Extreme Heat and Cold Heat
Be aware of your and others' risk for heatstroke, heat exhaustion, heat cramps, and fainting. To avoid heat stress, you should:
- Drink a glass of fluid every 15 to 20 minutes and at least one gallon each day.
- Avoid alcohol and caffeine. They both dehydrate the body.
- Wear light-colored, loose-fitting clothing.
- Take frequent cool showers or baths.
- If you feel dizzy, weak, or overheated, go to a cool place. Sit or lie down, drink water, and wash your face with cool water. If you don't feel better soon, get medical help quickly.
- Work during cooler hours of the day when possible, or distribute the workload evenly throughout the day.
Heatstroke is the most serious heat illness. It happens when the body can't control its own temperature and its temperature rises rapidly. Sweating fails and the body cannot cool down. Body temperature may rise to 106 Fahrenheit or higher within 10 to 15 minutes. Heatstroke can cause death or permanent disability if emergency care is not given.
Warning signs of heatstroke vary but can include:
- Red, hot, and dry skin (no sweating)
- Rapid, strong pulse
- Throbbing headache
- Dizziness, nausea, confusion, or unconsciousness
- An extremely high body temperature (above 103°F)
If you suspect someone has heatstroke, follow these instructions:
- Immediately call for medical attention.
- Get the person to a cooler area.
- Cool the person rapidly by immersing him/her cool water or a cool shower, or spraying or sponging him/her with cool water. If the humidity is low, wrap the person in a cool, wet sheet and fan him/her vigorously.
- Monitor body temperature and continue cooling efforts until the body temperature drops to 101-102°F.
- Do not give the person alcohol to drink. Get medical assistance as soon as possible.
- If emergency medical personnel do not arrive quickly, call the hospital emergency room for further instructions.
For more information on heat-related illnesses and treatment, see the CDC Extreme Heat website. Information for workers can be found on the National Institute for Occupational Safety and Health (NIOSH) webpage Working in Hot Environments.
These resources also provide information about extreme heat:
View the Heat Stress, NIOSH (National Institute for Occupational Safety and Health) webpage. Comprehensive heat-induced occupational illness and injury information.
Hypothermia happens when a person's core body temperature is lower than 35°C (95°F). Hypothermia has three levels: acute, subacute, or chronic.
Acute hypothermia is caused by a rapid loss of body heat, usually from immersion in cold water.
Subacute hypothermia often happens in cool outdoor weather (below 10°C or 50°F) when wind chill, wet or too little clothing, fatigue, and/or poor nutrition lower the body's ability to cope with cold.
Chronic hypothermia happens from ongoing exposure to cold indoor temperatures (below 16°C or 60°F). The poor, the elderly, people who have hypothyroidism, people who take sedative-hypnotics, and drug and alcohol abusers are prone to chronic hypothermia, and they typically:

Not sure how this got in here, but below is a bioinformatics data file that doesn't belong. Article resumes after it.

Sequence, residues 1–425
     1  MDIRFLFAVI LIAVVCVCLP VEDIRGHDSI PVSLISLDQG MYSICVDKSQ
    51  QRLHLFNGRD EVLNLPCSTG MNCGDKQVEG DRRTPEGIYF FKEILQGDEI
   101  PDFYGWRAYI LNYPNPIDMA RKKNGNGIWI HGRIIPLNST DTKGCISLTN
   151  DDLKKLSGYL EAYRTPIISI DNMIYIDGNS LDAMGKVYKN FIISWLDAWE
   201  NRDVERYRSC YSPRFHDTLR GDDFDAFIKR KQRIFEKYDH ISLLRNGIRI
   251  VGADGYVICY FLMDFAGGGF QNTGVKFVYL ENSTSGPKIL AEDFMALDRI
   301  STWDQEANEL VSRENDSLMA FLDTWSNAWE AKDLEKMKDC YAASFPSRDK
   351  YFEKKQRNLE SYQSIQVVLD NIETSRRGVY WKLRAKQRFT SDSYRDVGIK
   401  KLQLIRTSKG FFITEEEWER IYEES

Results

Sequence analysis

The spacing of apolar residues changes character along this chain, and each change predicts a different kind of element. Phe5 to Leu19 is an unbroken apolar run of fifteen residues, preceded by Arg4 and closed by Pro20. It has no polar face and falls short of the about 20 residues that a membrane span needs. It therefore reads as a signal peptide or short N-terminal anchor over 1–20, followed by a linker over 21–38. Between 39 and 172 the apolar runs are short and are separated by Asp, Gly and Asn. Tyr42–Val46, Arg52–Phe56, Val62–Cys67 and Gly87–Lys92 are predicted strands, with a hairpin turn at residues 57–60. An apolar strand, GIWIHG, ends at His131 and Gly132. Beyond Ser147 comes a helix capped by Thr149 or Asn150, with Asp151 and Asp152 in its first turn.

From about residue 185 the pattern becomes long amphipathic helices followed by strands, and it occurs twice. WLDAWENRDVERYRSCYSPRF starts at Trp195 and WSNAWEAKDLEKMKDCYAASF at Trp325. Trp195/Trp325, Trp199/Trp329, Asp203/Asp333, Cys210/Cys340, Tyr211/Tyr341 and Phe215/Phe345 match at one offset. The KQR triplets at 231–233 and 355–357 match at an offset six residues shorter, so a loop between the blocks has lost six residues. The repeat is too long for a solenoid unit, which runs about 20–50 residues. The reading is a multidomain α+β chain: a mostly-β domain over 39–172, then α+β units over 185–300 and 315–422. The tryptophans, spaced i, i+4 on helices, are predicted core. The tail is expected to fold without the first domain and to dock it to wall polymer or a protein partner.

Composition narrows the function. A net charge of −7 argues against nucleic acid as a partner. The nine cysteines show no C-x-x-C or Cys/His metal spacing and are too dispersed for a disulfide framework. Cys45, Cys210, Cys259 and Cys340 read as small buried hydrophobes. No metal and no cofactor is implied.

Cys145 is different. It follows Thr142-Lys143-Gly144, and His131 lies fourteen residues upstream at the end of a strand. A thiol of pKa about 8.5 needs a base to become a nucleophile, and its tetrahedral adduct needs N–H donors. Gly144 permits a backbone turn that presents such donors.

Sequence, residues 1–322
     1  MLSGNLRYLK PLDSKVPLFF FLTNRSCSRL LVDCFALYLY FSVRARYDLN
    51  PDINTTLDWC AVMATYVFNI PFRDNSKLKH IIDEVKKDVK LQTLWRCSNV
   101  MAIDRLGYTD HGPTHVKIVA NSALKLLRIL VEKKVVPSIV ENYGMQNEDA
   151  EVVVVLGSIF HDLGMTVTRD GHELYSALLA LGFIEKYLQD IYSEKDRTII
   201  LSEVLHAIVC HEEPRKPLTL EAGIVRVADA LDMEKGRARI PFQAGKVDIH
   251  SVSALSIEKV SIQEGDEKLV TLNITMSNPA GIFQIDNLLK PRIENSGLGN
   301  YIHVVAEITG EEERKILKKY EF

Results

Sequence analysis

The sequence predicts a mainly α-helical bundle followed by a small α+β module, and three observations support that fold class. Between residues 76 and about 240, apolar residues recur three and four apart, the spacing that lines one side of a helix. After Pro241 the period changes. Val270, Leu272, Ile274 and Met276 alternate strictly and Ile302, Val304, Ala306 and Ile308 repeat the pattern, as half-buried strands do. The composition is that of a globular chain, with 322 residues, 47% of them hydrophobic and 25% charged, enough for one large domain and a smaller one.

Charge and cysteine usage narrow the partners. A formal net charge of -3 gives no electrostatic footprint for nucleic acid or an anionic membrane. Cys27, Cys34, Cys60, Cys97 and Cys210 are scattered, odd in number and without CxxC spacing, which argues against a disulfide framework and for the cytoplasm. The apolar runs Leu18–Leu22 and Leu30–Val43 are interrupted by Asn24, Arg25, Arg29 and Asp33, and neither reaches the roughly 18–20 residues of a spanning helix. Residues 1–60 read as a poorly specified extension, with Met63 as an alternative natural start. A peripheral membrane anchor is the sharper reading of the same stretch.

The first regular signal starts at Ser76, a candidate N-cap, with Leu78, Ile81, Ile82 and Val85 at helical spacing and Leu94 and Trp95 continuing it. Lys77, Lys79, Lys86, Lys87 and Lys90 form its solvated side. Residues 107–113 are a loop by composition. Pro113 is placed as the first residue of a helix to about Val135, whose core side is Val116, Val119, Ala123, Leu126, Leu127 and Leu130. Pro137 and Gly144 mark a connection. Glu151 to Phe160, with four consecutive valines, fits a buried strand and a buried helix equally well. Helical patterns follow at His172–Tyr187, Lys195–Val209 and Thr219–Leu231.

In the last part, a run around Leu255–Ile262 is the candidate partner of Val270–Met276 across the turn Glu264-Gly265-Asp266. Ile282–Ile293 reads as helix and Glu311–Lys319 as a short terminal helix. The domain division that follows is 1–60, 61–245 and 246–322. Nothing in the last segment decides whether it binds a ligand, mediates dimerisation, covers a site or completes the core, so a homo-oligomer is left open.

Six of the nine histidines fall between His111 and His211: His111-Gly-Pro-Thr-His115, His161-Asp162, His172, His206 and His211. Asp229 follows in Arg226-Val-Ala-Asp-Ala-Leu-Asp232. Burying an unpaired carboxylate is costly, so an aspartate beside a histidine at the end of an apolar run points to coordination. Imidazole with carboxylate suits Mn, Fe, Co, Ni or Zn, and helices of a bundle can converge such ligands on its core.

- Misjudge Cold
- Move Slowly
- Have Poor Nutrition
- Wear Too Little Clothing
- Have Poor Heating System
Causes of Hypothermia
- Cold temperatures
- Improper clothing, shelter, or heating
- Fatigue, exhaustion
- Poor fluid intake (dehydration)
- Poor food intake
- Alcohol intake
- Everyone, especially the elderly and ill, should have adequate food, clothing, shelter, and sources of heat.
- Blankets can help, even in poorly heated rooms.
- In cold weather, wear layers of clothing and a hat, which help to keep in body heat.
- Move around. Physical activity raises body temperature.
Water cooler than 75°F (24°C) removes body heat more rapidly than can be replaced. The result is hypothermia. To avoid hypothermia:
- Avoid swimming or wading in water if possible.
- If entering water is necessary:
- Wear high rubber boots in water.
- Ensure clothing and boots have adequate insulation.
- Avoid working/playing alone.
- Take frequent breaks out of the water.
- Change into dry clothing when possible.
Helping Someone Who Is Hypothermic
As the body temperature decreases, the person will be less awake and aware and may be confused and disoriented. Because of this, even a mildly hypothermic person might not think to help himself/herself.
- Even someone who shows no signs of life should be brought quickly and carefully to a hospital or other medical facility.
- Do not rub or massage the skin.
- People who have severe hypothermia must be carefully rewarmed and their temperatures must be monitored.
- Do not use direct heat or hot water to warm the person.
- Give the person warm beverages to drink.
- Do not give the person alcohol or cigarettes. Blood flow needs to be improved, and these slow blood flow.
For more information about hypothermia, view the Extreme Cold: A Prevention Guide to Promote Your Personal Health and Safety CDC page.